He also, as a Frenchman, made a statement about the British Empire, by subjecting the Englishman Phyllis Fogg to the power of return. In a rushing coal-powered world, a woman of color appears to be as powerful as a steam engine.

The PBS series is more invested in this element of the story, and more outspoken than Verne in targeting racism, colonialism, and sexism. The series casts the black actor as Passepartout and invents a new character, a white companion, journalist Abigail Fix. A widow’s burning incident has been replaced by a village wedding in India. But by putting the new character of Fix in a comeback place, thus focusing on the ambition and actions of the white woman, the series feels less daring than Verne’s original story. In the end, it was the White Regiment’s butler who returned to London who would reveal the day’s acquisition. On the other hand, the romance between Fix and Black Passepartout is more radical than anything Verne suggested. An episode focused on black American vigilantes bringing the founder of the Ku Klux Klan to justice may be the best approximation of the novel’s criticism from abroad of a morally imperiled global power, in this case a British view of the United States today.

The chain’s perception of the physical costs of global travel is more mixed. It includes some form of pre-steam travel – ballooning across Europe, camels overland to Eden, and a wagon train from San Francisco – within a series of steamships and railroads. Occasionally, coal shares the spotlight, as when a train’s supply must be disposed of and its wooden body dismantled to burn instead.

But neither a constantly burning gas lamp nor a hint that the fossil fuel demands of the age of the tale shaped our needs. Instead of a lamp-pierced globe, the series’ central icon is a circular ticking clock, and its mechanical movement is actually pre-steam, medieval.

This is a missed opportunity. Verne has inspired countless brilliant rethinkings of steam-era technology and society. In this type of liberation, the authors explored past prophecies about the future, and in steampunk, they postulated that the physical dimensions of the Victorian era were inadvertently liberating, the means by which colonized peoples and women could fight oppression. Some authors have thrown in speculation about alternative energy, as in the solar subtype.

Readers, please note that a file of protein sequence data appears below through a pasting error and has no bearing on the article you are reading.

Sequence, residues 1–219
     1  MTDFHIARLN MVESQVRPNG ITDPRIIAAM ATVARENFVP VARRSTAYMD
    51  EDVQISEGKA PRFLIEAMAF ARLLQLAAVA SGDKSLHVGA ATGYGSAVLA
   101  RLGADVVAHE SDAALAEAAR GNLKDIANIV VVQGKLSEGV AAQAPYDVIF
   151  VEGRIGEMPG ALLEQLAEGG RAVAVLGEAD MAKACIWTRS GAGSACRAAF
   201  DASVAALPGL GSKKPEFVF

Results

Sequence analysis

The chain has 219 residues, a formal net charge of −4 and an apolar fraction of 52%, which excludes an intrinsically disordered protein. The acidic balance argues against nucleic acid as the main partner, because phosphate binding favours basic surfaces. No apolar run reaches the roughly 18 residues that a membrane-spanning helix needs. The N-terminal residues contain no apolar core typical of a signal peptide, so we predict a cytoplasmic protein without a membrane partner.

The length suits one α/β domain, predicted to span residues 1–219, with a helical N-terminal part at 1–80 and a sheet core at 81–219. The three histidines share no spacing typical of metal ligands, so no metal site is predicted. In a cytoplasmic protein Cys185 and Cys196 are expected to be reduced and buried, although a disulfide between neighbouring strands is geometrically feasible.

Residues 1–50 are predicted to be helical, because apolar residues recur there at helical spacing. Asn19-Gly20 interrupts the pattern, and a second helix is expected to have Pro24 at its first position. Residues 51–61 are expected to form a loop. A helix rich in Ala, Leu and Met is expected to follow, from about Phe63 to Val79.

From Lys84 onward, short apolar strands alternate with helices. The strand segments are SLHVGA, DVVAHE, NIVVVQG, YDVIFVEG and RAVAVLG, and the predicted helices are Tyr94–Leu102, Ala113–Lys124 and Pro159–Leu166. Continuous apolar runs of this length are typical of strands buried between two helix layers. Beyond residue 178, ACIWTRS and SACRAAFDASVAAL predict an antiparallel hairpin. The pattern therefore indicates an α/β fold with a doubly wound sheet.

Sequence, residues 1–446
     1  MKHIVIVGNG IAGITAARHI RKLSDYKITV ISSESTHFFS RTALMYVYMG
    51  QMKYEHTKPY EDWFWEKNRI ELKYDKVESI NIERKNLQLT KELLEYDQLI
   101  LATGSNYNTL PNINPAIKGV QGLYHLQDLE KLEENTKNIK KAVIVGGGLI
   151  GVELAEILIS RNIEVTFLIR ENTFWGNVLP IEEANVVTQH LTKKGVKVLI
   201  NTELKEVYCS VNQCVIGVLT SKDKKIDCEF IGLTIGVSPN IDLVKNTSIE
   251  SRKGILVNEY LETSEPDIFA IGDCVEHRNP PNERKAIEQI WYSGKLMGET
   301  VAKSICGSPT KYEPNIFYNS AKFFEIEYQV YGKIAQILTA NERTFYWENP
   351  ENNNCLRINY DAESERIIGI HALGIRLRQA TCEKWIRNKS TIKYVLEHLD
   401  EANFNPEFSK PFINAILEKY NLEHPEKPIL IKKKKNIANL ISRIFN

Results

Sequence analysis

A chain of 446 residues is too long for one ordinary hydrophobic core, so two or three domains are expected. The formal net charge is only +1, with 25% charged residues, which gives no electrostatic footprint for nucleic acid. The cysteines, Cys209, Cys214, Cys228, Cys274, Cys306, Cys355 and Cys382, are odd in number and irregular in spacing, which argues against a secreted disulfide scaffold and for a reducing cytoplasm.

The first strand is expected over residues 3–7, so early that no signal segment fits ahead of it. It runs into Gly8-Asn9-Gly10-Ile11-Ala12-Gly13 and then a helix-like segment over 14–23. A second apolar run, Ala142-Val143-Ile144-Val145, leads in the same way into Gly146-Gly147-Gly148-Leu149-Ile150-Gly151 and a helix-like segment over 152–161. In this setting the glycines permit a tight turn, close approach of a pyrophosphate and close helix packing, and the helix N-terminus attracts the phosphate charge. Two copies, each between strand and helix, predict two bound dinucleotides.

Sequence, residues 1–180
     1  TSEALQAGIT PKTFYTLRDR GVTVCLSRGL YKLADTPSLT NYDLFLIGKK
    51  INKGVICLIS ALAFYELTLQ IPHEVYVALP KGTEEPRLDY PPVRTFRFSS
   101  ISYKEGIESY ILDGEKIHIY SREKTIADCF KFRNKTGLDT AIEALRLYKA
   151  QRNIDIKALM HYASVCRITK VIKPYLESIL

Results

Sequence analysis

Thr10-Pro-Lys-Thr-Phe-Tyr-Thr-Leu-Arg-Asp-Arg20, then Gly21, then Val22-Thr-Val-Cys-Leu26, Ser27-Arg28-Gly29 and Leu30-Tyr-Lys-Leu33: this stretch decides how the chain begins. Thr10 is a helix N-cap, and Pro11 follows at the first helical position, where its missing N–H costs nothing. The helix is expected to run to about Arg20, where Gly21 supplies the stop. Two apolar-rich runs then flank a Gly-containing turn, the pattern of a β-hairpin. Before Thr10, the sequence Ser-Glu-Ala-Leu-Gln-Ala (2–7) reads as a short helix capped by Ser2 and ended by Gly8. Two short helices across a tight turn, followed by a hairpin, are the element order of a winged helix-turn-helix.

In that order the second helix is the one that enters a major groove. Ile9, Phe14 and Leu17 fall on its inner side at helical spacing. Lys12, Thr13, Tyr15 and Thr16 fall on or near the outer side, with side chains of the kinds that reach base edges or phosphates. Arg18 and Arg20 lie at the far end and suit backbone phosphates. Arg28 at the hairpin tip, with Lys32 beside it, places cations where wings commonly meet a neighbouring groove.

The PBS series comes closer to this speculation when it introduces the Telegraph System – the so-called “Victorian Internet” – as the source for editing. When the telegraph system is working, for example, the Fix can send its newspaper stories and assert its independence. When telegraph lines are cut or telegrams are delayed, they threaten and impede travelers. Yes, modern media has opened up new opportunities, albeit not without risk, and it began with the metal-coated gutta percha-coated wire telegraph network that was installed around the world in the 19th century. More hints about those physical characteristics and their social costs and opportunities would have added significantly to the series.

It is necessary for us to imagine more equal social relations, to do away with the harms of colonialism and to confront racism and sexism. But in 2022, in the midst of a climate crisis as well as a pandemic, after 150 years of Jules Verne’s speculation about coal, imperialism, and the state of the world, it’s naive to speculate about social justice without rethinking energy and technology, and especially ways we shake off the heavy legacy of steam power. Without alternatives to fossil fuels, the imagination wouldn’t go anywhere, let alone around the world.